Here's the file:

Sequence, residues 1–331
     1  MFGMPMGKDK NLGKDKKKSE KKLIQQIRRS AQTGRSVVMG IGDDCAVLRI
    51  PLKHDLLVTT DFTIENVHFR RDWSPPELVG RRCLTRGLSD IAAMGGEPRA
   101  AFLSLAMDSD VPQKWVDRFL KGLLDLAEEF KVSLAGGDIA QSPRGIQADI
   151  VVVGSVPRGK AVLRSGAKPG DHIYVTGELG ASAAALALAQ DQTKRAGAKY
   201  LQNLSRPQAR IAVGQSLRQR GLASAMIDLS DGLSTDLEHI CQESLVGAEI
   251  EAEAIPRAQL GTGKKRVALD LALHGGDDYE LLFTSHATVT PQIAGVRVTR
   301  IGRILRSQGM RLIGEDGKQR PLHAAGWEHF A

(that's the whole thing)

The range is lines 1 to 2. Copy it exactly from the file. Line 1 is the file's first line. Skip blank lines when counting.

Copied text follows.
Sequence, residues 1–331
     1  MFGMPMGKDK NLGKDKKKSE KKLIQQIRRS AQTGRSVVMG IGDDCAVLRI